I am particularly anxious to see Director Schriro's "parallel universe" model implemented, wherein prisoners conduct themselves much the same as they would in the outside world. They will all work, where applicable they will contribute to the restitution of their victims, they will all participate in basic educational and vocational training, and those who need it will participate in treatment programs for substance abuse and sex offenses.
In Missouri, Director Schriro proved that the parallel universe model will drastically reduce recidivism rates because inmates live in routines that reflect life outside of prison, thus reducing the shock of reentry into free society when they have served their time.
I look forward to this model being implemented in Arizona, and not just because it will save millions of tax dollars. It will help reduce crime, which means reducing the number of future crime victims.
Even with these reforms, it is clear that in the long term we will need more permanent prison beds than we now have.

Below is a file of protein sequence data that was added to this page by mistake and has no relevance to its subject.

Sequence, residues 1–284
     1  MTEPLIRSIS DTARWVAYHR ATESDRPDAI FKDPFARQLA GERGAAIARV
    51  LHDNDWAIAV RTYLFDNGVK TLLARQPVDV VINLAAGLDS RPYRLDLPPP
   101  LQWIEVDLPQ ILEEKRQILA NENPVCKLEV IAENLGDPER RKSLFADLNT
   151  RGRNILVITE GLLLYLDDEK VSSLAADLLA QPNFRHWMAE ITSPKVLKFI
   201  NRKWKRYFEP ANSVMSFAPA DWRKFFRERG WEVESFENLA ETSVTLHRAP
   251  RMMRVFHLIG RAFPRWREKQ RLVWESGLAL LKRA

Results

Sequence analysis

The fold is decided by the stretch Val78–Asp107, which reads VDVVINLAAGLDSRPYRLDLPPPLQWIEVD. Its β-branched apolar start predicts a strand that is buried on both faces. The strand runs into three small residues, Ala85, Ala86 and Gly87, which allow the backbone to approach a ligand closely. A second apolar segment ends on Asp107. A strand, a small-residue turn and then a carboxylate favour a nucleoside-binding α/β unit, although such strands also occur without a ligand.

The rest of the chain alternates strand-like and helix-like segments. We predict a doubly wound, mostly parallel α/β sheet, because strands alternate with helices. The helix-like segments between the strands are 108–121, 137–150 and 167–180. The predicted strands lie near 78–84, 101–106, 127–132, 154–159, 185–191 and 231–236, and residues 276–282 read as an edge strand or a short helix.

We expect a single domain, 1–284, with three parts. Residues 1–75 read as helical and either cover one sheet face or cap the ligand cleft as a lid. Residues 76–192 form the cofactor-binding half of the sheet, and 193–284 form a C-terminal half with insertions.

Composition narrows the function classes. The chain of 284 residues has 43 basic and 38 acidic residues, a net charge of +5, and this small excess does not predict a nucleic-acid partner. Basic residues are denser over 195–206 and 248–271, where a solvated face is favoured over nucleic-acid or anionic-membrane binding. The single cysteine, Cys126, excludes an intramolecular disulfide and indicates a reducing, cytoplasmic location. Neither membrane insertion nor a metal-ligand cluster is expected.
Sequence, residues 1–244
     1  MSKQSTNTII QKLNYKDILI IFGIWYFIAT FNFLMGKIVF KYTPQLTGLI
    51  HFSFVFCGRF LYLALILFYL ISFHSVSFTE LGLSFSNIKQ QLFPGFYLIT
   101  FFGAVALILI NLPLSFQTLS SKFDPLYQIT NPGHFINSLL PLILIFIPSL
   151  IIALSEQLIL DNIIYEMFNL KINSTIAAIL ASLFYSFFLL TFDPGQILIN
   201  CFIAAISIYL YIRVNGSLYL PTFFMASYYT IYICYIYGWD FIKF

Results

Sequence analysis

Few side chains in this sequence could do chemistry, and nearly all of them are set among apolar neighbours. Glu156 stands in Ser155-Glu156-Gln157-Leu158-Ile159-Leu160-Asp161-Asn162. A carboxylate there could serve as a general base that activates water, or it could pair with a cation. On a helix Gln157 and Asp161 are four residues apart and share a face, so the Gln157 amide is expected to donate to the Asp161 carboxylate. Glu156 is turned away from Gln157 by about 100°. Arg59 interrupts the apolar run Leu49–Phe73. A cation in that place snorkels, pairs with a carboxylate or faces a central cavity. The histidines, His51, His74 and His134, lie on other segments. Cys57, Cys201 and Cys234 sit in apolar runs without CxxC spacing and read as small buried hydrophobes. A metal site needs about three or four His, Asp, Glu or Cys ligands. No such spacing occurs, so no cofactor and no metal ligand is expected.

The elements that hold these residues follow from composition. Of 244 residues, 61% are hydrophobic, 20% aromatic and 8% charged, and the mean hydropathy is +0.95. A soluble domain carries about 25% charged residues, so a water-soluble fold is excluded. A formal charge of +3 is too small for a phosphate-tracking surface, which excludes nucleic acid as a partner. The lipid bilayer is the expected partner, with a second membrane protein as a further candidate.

I have accepted Director Schriro's five year plan, which will include beginning construction this year on 9,134 additional beds at a total cost of $470 million, which would be financed over 15 years.
I will ask the Legislature in the upcoming special session for authority to proceed with construction.
One planned project is a partnership with Pinal County for a new joint county jail and state prison facility. This is another win-win arrangement between the state and a county. I want to thank Pinal Sheriff Roger Vanderpool for joining me here today.
As we construct new prisons, we must be smarter about how we build. Over five years we can save tens of millions of dollars in land acquisition and construction costs by expanding existing facilities and regrouping inmates, rather than build new, privatized prisons.
For instance, the state currently has proposals from private vendors to establish in Pinal County the largest private female prison in the nation.
Director Schriro has concluded, and I agree, that we can save a significant amount of money, at least $15 million, by not pursuing this privatization proposal. Instead, we intend to pursue expansion of the Perryville and Tucson prisons.
This is the smarter thinking that will ensure more efficiently run prisons that over time will reduce costs to the taxpayer, reduce the number of inmates returning to prison after release, and ultimately reduce the number of crime victims.
I am happy to answer questions.